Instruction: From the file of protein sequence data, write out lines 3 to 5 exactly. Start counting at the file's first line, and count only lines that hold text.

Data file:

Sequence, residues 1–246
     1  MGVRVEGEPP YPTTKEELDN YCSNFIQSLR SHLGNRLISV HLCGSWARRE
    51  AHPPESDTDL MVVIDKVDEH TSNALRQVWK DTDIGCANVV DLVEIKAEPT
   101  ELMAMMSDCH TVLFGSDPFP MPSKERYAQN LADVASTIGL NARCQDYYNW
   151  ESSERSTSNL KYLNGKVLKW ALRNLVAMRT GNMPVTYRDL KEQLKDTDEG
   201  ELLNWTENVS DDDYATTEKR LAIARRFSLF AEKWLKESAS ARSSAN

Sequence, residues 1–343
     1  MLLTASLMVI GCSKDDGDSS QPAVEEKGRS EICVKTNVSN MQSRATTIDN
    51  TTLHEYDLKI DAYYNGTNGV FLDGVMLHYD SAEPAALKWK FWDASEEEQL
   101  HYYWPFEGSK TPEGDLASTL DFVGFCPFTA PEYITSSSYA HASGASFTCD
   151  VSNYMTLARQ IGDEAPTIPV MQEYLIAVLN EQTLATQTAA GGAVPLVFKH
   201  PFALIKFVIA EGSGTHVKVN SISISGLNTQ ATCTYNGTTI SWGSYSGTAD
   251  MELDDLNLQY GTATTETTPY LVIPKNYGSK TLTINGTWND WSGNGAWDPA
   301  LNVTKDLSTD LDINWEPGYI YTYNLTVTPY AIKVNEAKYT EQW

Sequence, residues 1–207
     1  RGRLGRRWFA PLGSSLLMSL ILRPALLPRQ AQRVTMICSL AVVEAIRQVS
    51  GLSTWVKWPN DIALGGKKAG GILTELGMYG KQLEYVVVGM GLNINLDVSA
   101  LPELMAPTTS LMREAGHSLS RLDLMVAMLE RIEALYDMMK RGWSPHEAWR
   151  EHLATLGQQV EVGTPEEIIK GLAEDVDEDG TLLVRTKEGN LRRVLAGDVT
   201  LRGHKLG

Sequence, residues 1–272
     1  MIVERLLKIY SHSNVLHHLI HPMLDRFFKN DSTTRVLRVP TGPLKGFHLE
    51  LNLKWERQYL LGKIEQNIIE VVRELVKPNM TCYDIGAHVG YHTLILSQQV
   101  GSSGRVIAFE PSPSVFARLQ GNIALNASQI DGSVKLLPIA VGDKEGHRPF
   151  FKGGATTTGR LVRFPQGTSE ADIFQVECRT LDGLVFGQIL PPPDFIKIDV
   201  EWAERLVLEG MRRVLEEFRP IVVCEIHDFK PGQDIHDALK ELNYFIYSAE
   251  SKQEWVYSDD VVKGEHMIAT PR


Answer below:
    51  AHPPESDTDL MVVIDKVDEH TSNALRQVWK DTDIGCANVV DLVEIKAEPT
   101  ELMAMMSDCH TVLFGSDPFP MPSKERYAQN LADVASTIGL NARCQDYYNW
   151  ESSERSTSNL KYLNGKVLKW ALRNLVAMRT GNMPVTYRDL KEQLKDTDEG